The development of the electric telegraph greatly changed the way diplomacy was conducted in the 19th century. Until that time information was exchanged at the speed of a sailing ship or a galloping horse. During the 1830s and 1840s, inventors working independently in several countries developed workable electric telegraphs, and these devices quickly superseded other technologies with the same name.
By the mid-nineteenth century, telegraphy had acquired its present definition as a device for converting messages into electric impulses that traveled instantaneously by wire to distant receivers, where they were converted back into readable text. European foreign ministries first used telegraphy during the early 1850s, but it did not become an important tool in the diplomacy of the United States until the completion of a successful transatlantic cable in 1866.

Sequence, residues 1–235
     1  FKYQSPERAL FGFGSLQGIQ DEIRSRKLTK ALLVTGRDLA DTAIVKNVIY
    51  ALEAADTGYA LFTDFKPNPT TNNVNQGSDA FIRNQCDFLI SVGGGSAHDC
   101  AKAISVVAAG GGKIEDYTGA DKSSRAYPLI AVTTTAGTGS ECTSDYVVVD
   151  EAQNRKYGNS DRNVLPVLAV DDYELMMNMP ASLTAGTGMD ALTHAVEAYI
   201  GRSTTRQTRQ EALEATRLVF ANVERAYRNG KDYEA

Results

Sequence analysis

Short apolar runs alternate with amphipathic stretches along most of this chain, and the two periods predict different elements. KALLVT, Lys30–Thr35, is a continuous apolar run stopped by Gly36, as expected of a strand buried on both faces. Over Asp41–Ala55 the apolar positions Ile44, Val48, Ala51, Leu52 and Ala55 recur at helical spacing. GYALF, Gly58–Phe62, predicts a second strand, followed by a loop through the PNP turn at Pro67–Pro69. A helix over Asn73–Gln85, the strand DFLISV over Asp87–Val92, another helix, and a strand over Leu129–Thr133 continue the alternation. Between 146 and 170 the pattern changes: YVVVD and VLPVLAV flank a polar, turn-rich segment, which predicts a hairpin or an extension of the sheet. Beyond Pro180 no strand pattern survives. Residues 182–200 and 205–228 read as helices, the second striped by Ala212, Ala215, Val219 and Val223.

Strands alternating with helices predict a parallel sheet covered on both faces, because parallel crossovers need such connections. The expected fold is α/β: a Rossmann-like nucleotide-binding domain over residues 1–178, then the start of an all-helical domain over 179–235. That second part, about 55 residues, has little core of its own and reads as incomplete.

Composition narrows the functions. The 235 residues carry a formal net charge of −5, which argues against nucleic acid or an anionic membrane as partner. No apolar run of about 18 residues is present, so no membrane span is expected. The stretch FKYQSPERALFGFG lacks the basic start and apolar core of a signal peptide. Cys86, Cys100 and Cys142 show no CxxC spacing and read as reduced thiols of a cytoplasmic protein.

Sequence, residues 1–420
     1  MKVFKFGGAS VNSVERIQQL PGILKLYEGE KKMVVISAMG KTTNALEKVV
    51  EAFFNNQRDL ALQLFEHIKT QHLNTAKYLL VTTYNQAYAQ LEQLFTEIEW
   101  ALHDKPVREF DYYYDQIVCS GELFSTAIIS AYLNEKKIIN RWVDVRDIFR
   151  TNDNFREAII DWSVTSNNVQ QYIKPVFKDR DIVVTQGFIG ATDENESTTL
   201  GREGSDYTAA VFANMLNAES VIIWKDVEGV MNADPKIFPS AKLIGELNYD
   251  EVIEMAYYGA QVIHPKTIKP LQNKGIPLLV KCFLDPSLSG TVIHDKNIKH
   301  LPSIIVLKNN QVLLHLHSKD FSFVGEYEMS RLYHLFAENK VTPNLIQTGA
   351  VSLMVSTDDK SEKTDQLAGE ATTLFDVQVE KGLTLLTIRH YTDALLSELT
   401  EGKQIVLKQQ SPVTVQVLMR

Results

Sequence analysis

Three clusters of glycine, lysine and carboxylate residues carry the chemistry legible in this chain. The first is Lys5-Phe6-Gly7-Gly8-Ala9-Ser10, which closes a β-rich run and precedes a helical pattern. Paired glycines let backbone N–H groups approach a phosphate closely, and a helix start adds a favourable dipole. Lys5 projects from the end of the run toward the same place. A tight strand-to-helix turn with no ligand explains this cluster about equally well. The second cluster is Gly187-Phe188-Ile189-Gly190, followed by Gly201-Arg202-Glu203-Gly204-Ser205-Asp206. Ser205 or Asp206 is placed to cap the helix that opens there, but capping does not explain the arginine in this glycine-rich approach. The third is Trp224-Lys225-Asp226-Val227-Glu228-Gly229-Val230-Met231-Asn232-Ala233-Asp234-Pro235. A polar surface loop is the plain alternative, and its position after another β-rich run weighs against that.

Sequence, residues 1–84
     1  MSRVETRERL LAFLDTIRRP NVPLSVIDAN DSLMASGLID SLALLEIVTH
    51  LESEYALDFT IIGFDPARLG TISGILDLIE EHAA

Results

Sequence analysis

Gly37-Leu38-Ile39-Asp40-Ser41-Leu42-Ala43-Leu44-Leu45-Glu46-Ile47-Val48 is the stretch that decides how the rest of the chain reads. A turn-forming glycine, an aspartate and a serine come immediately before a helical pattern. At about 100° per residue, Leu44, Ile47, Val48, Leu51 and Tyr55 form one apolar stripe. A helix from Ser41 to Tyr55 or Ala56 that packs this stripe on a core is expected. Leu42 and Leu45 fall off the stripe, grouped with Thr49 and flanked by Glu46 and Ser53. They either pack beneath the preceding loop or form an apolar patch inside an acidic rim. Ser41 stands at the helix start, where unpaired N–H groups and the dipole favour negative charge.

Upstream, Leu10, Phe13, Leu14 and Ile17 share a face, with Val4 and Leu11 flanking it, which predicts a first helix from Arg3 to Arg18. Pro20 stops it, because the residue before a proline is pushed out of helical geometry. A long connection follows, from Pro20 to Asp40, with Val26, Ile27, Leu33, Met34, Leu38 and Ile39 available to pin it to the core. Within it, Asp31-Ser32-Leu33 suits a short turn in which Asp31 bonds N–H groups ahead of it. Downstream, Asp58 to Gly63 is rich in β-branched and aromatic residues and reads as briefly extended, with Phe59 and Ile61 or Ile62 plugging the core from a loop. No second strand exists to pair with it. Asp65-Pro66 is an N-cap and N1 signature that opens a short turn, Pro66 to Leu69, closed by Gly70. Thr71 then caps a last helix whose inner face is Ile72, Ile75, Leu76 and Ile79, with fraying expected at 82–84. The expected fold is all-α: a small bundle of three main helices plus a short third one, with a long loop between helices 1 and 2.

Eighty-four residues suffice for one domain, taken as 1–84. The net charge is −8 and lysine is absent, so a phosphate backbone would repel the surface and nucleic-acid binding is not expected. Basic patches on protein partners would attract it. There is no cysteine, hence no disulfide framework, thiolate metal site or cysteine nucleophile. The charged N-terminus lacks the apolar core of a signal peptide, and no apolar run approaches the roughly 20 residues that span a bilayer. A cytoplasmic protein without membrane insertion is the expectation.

Communications Sped up Dramatically
The most significant characteristic of the telegraph was its speed. Telegrams traveled like lightning across continents and oceans. Even with the additional time required for coding and handling, telegrams were typically available within a few hours of being sent. This speed brought many advantages to policymakers who found that they could respond rapidly to far off crises of whose very existence they would previously have remained ignorant for weeks. But the telegraph also brought disadvantages. The ability to act quickly placed new time pressures upon political leaders, especially since telegraphy could inform newspapers and an expectant public just as swiftly.
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Categories: History of Science, United States History, Vietnam War
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